by David Hine, Fabrice Sapolsky and Carmine DiGiandomenico
I haven't been following contemporary comics too closely in recent years -- too many reboots of long-standing continuity to allow me to enjoy yet another rehashing of the same old origin story for favorite old characters. But, when I saw Spider-Man Noir, a small graphic novel, on the new books display recently, I was captured by its unique take on the Spider-Man mythos. Instead of simply retelling the story of how Peter Parker got bit by a radioactive spider, lost his Uncle Ben, and took up the life of a web-slinging vigilante in a contemporary setting, Spider-Man Noir throws the action back to the late 1920s/early 1930s era of prohibition, speak-easies, corrupt cops, and reporters out to make names for themselves. Peter's spider abilities are attributed to a mystic curse, and many of his familiar enemies (The Green Goblin, Kraven the Hunter, the Vulture, etc.) are given completely new spins. This multi-issue comic book was compiled into a smaller-than-usual trade graphic novel, with gorgeous illustrations. I loved how the artists managed to capture the visual essence of some of comicdom's most recognizeable characters, but cloaked them in early 20th century clothes and dialog. This title really makes me to read Marvel's other "Noir"-set storylines, but I do wish to complain about the size at which they reproduced this comic-book story. The pages are crammed with lots of details, and lots of lines of dialog, and reproducing it at a smaller-than-expected size makes it much harder to read. None-the-less, I really enjoyed this alternate-history title and recommend it, especially to longtime Spider-Man fans! -- recommended by Scott C. - Bennett Martin Public Library [If you enjoy this, you may also wish to try the other Marvel "Noir" comics/graphic-novels.]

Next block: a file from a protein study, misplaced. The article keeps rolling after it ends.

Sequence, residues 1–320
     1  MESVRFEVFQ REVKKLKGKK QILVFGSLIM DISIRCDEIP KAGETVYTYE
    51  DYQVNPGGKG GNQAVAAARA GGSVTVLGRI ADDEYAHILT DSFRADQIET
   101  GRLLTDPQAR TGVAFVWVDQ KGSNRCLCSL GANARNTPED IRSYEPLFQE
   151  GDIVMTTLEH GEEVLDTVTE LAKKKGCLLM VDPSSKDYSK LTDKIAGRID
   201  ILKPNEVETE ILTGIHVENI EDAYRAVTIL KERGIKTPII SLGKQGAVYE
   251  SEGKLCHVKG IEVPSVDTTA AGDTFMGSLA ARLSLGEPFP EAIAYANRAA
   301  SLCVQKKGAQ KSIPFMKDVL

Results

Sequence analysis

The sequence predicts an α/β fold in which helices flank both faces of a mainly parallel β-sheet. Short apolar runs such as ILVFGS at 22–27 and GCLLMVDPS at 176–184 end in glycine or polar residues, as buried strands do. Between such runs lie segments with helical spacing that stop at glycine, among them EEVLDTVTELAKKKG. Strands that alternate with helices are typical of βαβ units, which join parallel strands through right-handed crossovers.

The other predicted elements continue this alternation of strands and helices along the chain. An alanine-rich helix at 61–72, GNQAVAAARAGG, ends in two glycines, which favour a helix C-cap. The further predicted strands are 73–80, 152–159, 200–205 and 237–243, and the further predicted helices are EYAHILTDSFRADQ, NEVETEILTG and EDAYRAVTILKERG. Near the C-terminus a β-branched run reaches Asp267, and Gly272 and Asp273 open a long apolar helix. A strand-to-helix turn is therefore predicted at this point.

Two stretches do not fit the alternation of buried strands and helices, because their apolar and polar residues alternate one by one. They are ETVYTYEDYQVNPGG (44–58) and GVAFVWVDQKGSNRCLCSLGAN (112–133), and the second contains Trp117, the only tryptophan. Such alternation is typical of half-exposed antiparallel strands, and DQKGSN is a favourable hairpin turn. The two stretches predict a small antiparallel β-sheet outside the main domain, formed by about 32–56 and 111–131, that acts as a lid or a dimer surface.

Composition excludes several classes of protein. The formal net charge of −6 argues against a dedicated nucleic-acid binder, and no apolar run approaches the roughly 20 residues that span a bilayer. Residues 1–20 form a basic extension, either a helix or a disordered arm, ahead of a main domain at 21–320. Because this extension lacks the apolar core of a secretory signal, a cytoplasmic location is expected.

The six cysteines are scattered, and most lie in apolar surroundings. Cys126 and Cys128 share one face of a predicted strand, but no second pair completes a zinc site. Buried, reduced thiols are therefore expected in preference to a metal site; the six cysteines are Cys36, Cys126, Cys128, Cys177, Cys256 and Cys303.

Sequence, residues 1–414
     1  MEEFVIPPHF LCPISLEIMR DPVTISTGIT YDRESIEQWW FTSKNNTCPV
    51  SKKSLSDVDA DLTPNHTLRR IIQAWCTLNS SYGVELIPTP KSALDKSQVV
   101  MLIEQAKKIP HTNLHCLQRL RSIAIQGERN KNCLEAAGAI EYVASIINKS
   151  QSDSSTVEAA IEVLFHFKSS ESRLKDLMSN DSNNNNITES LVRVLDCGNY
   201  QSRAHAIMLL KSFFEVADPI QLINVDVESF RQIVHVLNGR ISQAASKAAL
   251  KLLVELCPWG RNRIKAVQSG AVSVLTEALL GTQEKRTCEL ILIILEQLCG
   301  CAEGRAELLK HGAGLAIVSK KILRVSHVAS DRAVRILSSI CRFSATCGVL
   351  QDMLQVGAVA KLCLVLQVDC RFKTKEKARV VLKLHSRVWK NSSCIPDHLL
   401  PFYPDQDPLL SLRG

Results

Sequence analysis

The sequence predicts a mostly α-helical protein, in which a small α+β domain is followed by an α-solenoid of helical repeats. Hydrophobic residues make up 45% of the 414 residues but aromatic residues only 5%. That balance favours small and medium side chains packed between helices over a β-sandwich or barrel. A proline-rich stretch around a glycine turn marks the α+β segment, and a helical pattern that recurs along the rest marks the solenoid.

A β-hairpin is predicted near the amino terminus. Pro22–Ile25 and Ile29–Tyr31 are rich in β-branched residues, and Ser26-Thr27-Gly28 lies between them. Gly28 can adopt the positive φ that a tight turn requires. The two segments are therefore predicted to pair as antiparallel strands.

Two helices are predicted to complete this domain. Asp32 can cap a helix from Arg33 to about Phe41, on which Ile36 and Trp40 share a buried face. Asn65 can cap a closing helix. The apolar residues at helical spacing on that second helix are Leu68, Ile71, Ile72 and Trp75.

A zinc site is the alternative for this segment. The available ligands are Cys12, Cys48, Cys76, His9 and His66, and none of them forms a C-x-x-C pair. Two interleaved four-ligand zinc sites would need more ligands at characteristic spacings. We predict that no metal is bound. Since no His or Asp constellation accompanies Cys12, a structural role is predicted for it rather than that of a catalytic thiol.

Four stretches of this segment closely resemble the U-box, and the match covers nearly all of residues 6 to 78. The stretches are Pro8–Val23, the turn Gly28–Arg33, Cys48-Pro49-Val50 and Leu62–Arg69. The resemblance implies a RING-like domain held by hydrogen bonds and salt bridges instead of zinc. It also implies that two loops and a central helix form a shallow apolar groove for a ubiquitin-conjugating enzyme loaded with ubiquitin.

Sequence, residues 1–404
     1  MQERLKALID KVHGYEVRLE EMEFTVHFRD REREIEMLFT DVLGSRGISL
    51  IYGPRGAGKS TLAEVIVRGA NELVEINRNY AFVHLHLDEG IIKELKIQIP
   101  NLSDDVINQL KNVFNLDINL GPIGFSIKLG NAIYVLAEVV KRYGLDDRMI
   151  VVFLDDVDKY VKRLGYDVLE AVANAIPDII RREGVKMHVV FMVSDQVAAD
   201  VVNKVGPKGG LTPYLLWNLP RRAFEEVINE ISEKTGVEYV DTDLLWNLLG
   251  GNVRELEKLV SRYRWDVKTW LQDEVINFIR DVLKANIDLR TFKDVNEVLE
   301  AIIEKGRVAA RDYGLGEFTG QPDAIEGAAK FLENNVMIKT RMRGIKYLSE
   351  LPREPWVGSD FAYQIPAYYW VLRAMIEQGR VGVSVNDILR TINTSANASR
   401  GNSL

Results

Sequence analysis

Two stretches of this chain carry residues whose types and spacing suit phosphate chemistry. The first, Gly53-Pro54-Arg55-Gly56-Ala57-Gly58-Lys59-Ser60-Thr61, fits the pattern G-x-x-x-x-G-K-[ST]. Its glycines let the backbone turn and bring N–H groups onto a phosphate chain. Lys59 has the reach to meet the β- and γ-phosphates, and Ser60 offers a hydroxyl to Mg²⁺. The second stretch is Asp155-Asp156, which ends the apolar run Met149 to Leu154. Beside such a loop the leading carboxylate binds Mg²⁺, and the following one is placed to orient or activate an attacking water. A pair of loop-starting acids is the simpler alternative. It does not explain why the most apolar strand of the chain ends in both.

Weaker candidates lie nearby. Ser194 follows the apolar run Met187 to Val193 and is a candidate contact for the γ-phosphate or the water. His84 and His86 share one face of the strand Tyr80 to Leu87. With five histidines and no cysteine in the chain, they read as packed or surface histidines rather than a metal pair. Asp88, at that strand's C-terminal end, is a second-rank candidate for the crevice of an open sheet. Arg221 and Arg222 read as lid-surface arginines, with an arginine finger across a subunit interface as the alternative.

[ Marvel's official Spider-Man Noir database page ] | [ Wikipedia page for the Marvel Noir saga ]
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